Solar and wind power will be cheaper than new nuclear electricity before the Hinkley Point power station could open, according to the government’s own projections. Electricity from onshore wind turbines and large-scale solar farms is expected to cost about £50 to £75 per megawatt-hour in 2025, while new nuclear is projected to cost £85 to £125/MWh. In 2013, when the government agreed to pay £92.50/MWh for Hinkley Point’s power, solar and wind power were forecast to be more expensive than nuclear, or about the same price. The change in the forecast was revealed in a National Audit Office report last month. It said wind and solar’s “levelised cost”, which compares the cost of energy sources, had become substantially cheaper. “Forecasts for wind and solar in 2025 have decreased . . . while for nuclear it has increased,” it said.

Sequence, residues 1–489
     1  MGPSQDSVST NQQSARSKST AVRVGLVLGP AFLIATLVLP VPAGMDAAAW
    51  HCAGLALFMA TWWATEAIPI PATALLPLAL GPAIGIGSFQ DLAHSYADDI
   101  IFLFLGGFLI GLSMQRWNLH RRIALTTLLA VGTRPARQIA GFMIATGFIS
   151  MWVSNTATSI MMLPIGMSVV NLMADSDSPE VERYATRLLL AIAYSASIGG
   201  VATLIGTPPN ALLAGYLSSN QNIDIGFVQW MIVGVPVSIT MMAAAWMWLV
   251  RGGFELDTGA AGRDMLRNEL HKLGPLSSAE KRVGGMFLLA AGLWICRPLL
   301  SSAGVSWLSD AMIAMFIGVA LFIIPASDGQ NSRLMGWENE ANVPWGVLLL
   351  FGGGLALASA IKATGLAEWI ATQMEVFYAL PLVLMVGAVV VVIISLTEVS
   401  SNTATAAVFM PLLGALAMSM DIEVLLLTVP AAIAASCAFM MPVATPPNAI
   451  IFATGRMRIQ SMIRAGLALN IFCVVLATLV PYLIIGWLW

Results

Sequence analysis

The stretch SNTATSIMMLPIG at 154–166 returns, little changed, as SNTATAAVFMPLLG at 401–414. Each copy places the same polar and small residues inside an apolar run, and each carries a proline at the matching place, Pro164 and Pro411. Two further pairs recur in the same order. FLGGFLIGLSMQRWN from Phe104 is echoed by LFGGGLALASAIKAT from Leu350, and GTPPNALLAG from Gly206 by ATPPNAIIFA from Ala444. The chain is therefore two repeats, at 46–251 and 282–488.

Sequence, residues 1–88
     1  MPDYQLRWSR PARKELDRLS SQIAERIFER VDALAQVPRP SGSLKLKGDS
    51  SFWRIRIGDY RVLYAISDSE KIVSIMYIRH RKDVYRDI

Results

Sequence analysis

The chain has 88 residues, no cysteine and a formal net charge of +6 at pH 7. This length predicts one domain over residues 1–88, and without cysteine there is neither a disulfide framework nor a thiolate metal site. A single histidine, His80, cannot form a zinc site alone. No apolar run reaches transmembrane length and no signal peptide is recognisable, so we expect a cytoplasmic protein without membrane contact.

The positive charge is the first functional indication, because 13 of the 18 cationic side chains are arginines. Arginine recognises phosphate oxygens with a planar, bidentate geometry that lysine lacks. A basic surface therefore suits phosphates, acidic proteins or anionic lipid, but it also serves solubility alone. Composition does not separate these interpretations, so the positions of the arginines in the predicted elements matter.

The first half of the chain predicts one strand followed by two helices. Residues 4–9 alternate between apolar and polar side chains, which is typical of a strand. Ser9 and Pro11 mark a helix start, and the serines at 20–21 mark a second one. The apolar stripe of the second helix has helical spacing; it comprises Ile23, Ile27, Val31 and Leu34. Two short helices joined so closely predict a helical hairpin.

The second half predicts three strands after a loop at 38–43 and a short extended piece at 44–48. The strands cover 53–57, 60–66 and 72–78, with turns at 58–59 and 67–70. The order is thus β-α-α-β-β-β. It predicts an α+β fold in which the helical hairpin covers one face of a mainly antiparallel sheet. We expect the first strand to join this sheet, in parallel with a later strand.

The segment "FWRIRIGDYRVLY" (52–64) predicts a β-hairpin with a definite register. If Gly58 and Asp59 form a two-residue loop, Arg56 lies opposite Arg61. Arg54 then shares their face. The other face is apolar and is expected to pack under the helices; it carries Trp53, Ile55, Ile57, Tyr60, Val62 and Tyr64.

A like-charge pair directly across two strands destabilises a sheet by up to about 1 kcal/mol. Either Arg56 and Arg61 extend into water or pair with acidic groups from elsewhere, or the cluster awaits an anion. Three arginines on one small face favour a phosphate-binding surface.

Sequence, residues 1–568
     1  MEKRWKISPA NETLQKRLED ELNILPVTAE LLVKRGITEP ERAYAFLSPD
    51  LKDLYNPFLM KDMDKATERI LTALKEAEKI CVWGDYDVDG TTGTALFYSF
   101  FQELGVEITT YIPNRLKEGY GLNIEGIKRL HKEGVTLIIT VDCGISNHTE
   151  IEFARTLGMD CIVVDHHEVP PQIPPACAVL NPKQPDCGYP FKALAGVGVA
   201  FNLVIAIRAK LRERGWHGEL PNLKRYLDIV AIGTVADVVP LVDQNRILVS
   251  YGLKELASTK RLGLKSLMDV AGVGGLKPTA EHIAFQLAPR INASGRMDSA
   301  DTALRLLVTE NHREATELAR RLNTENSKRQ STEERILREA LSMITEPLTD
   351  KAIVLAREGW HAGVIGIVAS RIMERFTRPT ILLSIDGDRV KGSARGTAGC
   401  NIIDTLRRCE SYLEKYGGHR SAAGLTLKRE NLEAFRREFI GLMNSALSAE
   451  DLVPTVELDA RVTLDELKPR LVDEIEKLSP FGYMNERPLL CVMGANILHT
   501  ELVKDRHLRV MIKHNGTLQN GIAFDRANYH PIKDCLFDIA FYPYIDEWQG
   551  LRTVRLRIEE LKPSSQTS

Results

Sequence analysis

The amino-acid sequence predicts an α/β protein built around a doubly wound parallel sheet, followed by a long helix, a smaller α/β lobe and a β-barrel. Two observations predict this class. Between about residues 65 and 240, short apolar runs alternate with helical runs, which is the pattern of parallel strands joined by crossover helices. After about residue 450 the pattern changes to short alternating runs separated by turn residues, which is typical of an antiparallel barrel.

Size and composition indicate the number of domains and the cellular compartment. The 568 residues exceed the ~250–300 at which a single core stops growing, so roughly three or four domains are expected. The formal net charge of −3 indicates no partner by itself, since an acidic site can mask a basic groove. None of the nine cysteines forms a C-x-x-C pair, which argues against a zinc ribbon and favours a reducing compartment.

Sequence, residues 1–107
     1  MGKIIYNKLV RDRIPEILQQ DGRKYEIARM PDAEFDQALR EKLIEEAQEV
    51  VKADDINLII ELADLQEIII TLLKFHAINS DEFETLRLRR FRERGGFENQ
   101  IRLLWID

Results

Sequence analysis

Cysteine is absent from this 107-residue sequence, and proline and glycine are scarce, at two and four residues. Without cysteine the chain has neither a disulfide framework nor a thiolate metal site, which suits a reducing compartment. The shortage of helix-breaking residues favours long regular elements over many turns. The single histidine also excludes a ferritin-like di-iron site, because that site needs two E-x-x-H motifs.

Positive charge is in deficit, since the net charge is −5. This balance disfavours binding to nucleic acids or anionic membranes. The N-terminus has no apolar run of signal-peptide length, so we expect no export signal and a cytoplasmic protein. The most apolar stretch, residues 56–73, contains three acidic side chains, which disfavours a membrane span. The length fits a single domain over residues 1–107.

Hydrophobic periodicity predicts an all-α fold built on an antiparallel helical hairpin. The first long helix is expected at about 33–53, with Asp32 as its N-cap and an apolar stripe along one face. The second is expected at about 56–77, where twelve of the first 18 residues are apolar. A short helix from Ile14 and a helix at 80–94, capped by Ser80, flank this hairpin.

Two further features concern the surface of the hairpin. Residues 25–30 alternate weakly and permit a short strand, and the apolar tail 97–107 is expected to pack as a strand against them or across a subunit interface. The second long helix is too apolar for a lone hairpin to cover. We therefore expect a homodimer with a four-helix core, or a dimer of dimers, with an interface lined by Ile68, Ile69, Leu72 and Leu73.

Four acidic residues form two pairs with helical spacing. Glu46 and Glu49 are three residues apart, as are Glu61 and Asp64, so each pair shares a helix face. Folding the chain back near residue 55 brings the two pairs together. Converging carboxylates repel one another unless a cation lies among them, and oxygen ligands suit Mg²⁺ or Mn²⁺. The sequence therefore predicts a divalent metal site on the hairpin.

Times 12th Aug 2016 read more »
What’s missing is a fresh discussion on what to do instead of large projects like Hinkley. This requires a challenge to the mindset that’s led the UK to paint itself into a corner. There’s long been a culture of big is better when the UK considers energy – find the next big gas field or build another big power station and the problem is sorted. Locally produced solar and wind energy is now more common. We have all seen how prices for panels and turbines have tumbled with forecasts that costs for solar and onshore wind will fall a further 41% and 60% by 2040 respectively. The UK needs to get over the idea that huge megaprojects are the solution to everything. Instead, it should think of a new mix between smaller and larger, be more joined up in considering consumption as well as supply and think more decentralised than central. That expands the industries, companies, institutions and government departments involved. That calls for an industrial strategy focused on energy.
Reaction 12th Aug 2016 read more »